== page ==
I am challenged by the theme and when I go home I will exchange the message with my people.



© LWF/Ratna Leak

Rev. Simeon Mocha, The Ethiopian Evangelical Church Mekane Yesus

I am very much interested in this Assembly. The morning devotions gave us our daily bread, and we really need to work for climate change. I have much trouble to translate all this to my own language.

But I am preparing to announce at home that we have living for spiritual life and for physical life. I will call people first and bring greetings from the Assembly. And then I will share the teaching of what I have got from friends in North America, Europe, Latin America, and Africa in my church. It will be important for us to work in the area of climate change.

© LWF/Ratna Leak

Rev. Dr Craig Nessan, Evangelical Lutheran Church in America

I teach at a theological seminary, and so the main thing I will take back will be to students—most of whom will become pastors. And, I think the first thing is the theme, “Give Us Today Our Daily Bread.” We need to take up the continued need for food for all people and for all the things they need for survival.

I’ll also take the life-giving relationships we have with Lutheran Christians who share in the Lutheran heritage and who are cooperating for justice in our world. I think that I will also share some of the other themes—especially climate change, food and gender justice, and HIV and AIDS.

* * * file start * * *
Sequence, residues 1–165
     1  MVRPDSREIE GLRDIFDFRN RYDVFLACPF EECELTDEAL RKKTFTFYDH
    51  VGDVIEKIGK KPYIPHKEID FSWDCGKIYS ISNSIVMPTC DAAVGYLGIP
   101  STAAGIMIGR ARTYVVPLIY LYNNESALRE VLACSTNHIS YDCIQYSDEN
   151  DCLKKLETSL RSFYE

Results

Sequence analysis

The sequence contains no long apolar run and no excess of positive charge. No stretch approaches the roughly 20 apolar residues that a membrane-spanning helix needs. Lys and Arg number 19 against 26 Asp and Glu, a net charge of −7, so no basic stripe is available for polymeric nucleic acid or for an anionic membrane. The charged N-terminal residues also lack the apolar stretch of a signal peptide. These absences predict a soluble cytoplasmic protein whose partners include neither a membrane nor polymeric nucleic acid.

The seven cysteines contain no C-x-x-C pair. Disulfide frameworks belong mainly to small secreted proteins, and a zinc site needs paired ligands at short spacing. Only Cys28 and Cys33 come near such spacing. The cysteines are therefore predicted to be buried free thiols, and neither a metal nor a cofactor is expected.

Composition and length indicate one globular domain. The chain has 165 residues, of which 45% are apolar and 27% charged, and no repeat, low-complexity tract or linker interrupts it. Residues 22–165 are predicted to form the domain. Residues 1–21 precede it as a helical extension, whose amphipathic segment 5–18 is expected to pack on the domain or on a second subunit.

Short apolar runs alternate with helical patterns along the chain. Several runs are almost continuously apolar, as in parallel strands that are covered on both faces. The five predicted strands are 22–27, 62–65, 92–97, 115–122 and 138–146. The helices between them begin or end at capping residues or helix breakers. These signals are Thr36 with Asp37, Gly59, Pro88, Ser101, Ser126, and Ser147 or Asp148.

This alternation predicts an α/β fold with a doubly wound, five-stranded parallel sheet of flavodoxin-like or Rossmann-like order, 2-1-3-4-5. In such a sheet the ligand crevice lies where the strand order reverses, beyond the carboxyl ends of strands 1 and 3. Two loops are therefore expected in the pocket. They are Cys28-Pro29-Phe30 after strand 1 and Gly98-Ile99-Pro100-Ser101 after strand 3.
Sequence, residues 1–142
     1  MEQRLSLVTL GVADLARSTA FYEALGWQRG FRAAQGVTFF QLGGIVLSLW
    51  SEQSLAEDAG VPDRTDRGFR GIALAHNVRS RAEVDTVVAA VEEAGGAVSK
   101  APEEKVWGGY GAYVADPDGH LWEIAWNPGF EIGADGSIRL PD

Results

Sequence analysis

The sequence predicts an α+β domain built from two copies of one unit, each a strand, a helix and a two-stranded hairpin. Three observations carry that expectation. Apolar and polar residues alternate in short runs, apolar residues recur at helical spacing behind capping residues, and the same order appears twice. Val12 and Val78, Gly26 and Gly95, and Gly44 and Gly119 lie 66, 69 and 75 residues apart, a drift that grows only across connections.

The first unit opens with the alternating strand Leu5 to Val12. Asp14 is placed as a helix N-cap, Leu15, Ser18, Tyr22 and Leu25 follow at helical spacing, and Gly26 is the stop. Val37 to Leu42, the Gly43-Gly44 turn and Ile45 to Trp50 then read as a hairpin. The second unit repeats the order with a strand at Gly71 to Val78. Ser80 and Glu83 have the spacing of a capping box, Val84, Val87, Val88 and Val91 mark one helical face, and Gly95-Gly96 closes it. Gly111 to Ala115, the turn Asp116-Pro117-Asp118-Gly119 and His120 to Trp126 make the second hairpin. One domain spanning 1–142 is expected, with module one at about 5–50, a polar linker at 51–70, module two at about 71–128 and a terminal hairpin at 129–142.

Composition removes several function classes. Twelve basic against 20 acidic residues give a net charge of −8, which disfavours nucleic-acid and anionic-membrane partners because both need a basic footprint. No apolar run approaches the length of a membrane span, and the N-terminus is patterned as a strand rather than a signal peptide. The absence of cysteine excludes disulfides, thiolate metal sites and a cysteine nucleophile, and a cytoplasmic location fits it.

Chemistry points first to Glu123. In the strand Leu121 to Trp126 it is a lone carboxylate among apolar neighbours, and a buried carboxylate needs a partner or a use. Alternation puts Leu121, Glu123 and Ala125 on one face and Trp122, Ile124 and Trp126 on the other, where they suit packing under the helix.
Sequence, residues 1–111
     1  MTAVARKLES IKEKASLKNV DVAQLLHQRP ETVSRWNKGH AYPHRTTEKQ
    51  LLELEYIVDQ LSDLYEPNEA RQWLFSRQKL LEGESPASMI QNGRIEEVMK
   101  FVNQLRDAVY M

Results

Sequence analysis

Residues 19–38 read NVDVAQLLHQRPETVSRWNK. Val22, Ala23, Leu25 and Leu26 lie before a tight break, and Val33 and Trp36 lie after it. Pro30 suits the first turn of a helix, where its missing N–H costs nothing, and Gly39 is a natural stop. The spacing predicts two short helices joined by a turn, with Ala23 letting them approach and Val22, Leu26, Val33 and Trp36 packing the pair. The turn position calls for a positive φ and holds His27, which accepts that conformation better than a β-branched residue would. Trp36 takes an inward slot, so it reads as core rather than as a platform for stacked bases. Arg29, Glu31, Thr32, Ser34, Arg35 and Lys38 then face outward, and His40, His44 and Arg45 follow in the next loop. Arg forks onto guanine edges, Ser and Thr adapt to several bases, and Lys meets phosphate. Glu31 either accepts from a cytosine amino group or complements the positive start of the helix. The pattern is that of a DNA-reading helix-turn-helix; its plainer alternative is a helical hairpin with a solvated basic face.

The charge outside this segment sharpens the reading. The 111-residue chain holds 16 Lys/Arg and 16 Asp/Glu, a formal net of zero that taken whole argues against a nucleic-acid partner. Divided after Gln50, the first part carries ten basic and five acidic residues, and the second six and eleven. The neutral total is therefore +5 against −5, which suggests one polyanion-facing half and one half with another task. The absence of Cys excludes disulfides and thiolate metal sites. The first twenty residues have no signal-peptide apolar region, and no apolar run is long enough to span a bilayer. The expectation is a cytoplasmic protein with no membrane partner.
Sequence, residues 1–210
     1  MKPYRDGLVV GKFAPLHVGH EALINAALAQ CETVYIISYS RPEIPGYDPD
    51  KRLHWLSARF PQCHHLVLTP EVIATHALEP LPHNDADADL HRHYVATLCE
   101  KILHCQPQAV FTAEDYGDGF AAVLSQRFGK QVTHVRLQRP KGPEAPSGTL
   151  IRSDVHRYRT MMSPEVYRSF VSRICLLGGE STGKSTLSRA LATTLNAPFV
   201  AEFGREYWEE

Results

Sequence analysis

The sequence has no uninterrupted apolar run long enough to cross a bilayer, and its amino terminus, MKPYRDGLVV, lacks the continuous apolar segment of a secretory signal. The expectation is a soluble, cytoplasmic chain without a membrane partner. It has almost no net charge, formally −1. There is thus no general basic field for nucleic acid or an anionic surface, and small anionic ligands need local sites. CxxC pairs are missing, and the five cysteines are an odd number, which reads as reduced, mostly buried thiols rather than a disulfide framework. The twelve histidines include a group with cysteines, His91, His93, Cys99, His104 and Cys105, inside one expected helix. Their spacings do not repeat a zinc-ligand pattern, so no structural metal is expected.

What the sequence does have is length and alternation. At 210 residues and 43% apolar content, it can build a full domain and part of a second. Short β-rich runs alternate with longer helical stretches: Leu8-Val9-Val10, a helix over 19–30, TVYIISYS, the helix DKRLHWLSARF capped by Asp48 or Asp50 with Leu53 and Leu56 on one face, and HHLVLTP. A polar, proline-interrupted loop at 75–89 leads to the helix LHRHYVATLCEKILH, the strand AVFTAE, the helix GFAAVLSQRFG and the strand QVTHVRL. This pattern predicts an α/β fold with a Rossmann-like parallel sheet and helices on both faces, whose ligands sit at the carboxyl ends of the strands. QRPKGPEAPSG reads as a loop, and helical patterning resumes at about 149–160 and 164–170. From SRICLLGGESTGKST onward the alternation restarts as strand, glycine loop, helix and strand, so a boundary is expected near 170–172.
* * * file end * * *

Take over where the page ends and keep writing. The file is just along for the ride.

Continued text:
The last thing I will take back is the worship life and the gifts of song. These spiritual gifts were shared from Africa, Latin America, Asia, Europe, North America—all these places.

© LWF/Timothy Melvyn

Bishop David Piso, Gutnius Lutheran Church – Papua New Guinea

The Stuttgart Assembly is my fifth LWF Assembly experience. We as a communion are making progress. The LWF has transformed from being an institution to becoming a communion.

The communion itself is bread – a gift granted to us by Christ. It brings people together to feed those who are in need.